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Mrs Pattison’s Blog
If you had to bet your life savings on it, would you say that this is a picture of a dog or of a wolf?A machine would identify this as a wolf. Why? Because if you ‘google image’ the word wolf, the majority of images which come up have snowy – or at least icy – backgrounds. A machine, whose algorithm interpreted the background as relevant data in the decision-making process, would, therefore, allow the snow to be an influencing factor. It’s snowy. Most pictures prove that wolves are most often found in snow. It is, therefore, a wolf.
Wrong. It is, in fact, a dog and you know that because you register all sorts of other critical clues and assess these as more important factors than the weather. Whatever probability dictates, sometimes dogs play in snow too.
To err is human, wrote Pope. Well, evidently, machines can make mistakes too. In fact, as I explained in assembly today, machines understand that making mistakes 50% of the time is the optimal rate for continuous learning. 50% accuracy is sufficient to affirm what it has done that is correct and also offers a sufficient margin of error to ensure the machine can learn from mistakes made. I hope this is some solace to those revising over Easter for external and internal examinations; making mistakes helps you get better (it doesn’t help you much in the exam itself, though!)
Of course, a robot doesn’t have to sleep, it doesn’t get bored nor does it need to eat or relax in order to function at optimal performance. Neither does a robot have the same sense of self that a human possesses. That means that a robot isn’t embarrassed or annoyed when it makes a mistake; it doesn’t care what others think.
I was fortunate, this week, to be able to hear one of the leading experts in Artificial Intelligence (AI) speak at The University of Oxford Literary Festival. Professor Stephen Roberts began by reminding a fascinated audience of teaching professionals that AI is transforming the way we live and the way we act. Coincidentally, the Croydon High Senior School teachers’ development briefing on Wednesday centred upon the same theme as his talk; what does it mean to be human and, crucially for us, how should education prepare humans for a robotic age?
We could easily, nowadays, run a school with very few teachers. AI could determine what our students need to know and how often they need to be fed certain information in order for it to be retained. An online facility could convey the learning, test it and revisit it at suitable intervals and all of this would be completely personalised to each student’s learning preferences and patterns.
This would be good preparation for any examination. But, could your daughter sit through video after video, read passage after passage and complete online test after online test for 5 years and still sustain any love of learning?
No doubt, AI could help perfect skills and techniques in preparation for an important netball match, it could ensure the most effective tactics in defence and attack were learned and prepared, but from where would students get the team spirit and the ‘fight’ required to beat a local rival? AI could easily sift through the hundreds of books available in the LRC and use its personalised knowledge about each student and her preferences to help find a book she would love, but would it be able to inspire her to read in the first place? AI could point students in the direction of relevant Google searches to inform them of the plight of those supported by our Amnesty International group, but I would be amazed if it could generate anything like the passionate following our inspirational LRC Manager, Mrs Abrams, excites. The incredible trips our students go on, the clubs and activities they love, the teachers who inspire them to go the extra mile; the examples are numerous.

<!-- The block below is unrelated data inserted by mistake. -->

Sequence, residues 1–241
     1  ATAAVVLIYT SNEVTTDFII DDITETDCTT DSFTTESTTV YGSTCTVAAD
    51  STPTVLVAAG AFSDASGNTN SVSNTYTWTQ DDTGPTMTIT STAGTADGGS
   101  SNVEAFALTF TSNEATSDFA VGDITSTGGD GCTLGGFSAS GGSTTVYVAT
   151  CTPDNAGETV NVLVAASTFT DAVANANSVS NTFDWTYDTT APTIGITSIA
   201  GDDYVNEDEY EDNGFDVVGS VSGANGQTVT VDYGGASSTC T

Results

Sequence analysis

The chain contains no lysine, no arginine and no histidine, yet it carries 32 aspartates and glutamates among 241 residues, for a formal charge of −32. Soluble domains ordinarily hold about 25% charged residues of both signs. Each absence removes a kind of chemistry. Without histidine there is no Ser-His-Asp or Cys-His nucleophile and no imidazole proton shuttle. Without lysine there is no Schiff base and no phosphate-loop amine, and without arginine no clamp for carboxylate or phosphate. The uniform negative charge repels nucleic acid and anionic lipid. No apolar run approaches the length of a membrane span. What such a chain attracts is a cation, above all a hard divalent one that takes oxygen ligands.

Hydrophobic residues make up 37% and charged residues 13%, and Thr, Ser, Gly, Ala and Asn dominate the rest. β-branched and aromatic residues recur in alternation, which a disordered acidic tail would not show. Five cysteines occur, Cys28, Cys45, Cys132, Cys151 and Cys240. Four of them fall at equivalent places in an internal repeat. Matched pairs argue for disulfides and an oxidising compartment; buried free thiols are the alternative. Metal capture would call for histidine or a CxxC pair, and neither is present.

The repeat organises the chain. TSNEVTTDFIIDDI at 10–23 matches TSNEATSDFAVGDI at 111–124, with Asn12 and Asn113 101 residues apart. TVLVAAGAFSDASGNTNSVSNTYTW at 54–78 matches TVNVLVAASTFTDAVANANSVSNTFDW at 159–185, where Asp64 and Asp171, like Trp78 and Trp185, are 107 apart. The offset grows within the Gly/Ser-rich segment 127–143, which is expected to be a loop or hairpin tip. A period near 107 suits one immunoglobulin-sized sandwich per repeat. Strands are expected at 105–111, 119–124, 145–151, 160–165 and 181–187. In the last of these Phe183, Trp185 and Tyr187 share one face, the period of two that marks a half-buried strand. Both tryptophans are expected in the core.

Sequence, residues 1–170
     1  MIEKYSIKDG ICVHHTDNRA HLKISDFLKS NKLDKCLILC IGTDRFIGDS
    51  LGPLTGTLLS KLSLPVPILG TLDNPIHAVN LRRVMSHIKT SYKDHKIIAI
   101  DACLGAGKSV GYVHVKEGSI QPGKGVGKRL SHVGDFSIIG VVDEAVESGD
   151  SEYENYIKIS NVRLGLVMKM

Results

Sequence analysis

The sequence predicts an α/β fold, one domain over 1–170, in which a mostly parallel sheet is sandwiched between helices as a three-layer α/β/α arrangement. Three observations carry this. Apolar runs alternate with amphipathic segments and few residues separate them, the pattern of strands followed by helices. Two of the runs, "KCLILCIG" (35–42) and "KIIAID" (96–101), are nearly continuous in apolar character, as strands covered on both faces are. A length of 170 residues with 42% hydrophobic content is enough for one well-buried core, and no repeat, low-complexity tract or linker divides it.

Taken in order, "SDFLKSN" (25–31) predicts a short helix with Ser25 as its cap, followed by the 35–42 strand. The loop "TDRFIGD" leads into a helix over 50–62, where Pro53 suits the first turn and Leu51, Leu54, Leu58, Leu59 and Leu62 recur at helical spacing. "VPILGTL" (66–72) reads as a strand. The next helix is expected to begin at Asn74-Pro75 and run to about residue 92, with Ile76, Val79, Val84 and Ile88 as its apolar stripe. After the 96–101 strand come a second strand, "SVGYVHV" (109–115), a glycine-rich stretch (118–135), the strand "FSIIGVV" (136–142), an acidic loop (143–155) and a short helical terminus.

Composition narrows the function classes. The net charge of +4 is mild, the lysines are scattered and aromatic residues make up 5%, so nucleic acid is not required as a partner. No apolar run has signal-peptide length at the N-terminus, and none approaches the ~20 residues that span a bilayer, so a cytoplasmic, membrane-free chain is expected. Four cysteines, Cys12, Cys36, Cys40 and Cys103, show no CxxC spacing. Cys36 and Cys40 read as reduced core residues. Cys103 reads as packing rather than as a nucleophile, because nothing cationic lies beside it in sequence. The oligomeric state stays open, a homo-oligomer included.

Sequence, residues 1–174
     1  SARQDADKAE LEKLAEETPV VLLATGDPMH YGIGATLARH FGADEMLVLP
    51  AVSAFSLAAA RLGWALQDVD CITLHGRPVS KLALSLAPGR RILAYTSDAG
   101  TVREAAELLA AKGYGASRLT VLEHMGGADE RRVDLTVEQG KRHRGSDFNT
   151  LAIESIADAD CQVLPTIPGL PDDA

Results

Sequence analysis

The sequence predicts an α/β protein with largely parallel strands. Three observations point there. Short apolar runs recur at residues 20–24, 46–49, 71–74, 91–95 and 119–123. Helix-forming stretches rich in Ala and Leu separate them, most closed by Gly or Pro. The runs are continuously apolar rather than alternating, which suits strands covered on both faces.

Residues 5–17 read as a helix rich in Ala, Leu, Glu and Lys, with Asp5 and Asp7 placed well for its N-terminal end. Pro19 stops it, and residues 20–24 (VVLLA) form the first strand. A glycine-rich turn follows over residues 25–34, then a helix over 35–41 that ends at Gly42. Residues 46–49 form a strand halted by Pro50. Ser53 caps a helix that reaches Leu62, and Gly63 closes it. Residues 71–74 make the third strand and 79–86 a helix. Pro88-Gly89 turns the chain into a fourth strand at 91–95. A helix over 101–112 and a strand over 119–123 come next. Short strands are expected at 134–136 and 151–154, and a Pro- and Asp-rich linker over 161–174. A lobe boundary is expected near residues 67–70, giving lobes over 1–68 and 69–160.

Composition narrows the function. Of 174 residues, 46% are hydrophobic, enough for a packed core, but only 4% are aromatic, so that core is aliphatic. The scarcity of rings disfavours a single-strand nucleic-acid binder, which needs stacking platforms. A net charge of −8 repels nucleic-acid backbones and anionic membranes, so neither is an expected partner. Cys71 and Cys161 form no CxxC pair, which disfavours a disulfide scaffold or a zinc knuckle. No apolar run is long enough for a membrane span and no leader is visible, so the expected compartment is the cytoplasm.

Surely, to hand over education to AI would be to put the next generation’s future in the wrong hands! Our teachers and all of our staff spark our students’ imaginations and inspire every girl, every day in a way that no machine can.
I am, therefore, advocating that our students are taught to navigate with confidence, knowledge, and skill a future world where emerging technologies, which have disrupted our way of life, will be even more prevalent and powerful. They will need to understand algorithms, how they function and why they make robots behave the way they do. They will need to be able to harness the power of AI and machine learning whilst also understanding the limitations and the mistakes machines will inevitably make. They will need to understand that a machine’s outcomes will only ever be as good as the data provided to it in the first place.
They will also need a clear idea of the difference between humans and robots. One key facet that distinguishes the two is, surely, our ability to imagine. While robotics may seek to emulate humans, it is a long way from creating robots who can inspire, motivate and spark the imagination in the way one human can for another, the way a teacher can for a student.
Incidentally, I was fortunate enough to have lunch with Dr Stephen Roberts and some of the other speakers. We talked about music; one of our group spoke about the troublesome ‘F’ chord on the guitar, I talked about how much I’m enjoying playing my new piano, Dr Stephen talked about how he enjoys jamming with his family in a ‘safe’ zone where he can make mistakes and sing his heart out. Music is for everyone, we decided, no matter how good or bad you are! I learned that from my own music teacher at school.
Good luck to those revising over Easter! Work hard but don’t overdo it! Don’t try to pretend you are a robot and take some time to enjoy doing some of the things which make us human!
With very best wishes to all for the forthcoming school holiday.